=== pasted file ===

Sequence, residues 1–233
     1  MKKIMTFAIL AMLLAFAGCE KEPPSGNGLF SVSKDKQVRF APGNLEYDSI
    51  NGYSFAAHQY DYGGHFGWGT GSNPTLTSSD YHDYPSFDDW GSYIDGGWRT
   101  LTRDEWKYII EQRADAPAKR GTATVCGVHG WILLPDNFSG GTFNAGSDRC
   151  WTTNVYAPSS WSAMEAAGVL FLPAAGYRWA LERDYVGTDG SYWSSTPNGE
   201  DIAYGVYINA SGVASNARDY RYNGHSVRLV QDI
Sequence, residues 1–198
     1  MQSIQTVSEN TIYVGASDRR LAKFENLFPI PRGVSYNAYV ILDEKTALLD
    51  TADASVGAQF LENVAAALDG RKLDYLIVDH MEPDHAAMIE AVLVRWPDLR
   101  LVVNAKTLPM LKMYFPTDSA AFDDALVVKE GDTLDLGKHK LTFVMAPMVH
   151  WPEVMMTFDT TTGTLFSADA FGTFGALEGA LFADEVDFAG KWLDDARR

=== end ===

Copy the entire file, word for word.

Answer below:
Sequence, residues 1–233
     1  MKKIMTFAIL AMLLAFAGCE KEPPSGNGLF SVSKDKQVRF APGNLEYDSI
    51  NGYSFAAHQY DYGGHFGWGT GSNPTLTSSD YHDYPSFDDW GSYIDGGWRT
   101  LTRDEWKYII EQRADAPAKR GTATVCGVHG WILLPDNFSG GTFNAGSDRC
   151  WTTNVYAPSS WSAMEAAGVL FLPAAGYRWA LERDYVGTDG SYWSSTPNGE
   201  DIAYGVYINA SGVASNARDY RYNGHSVRLV QDI
Sequence, residues 1–198
     1  MQSIQTVSEN TIYVGASDRR LAKFENLFPI PRGVSYNAYV ILDEKTALLD
    51  TADASVGAQF LENVAAALDG RKLDYLIVDH MEPDHAAMIE AVLVRWPDLR
   101  LVVNAKTLPM LKMYFPTDSA AFDDALVVKE GDTLDLGKHK LTFVMAPMVH
   151  WPEVMMTFDT TTGTLFSADA FGTFGALEGA LFADEVDFAG KWLDDARR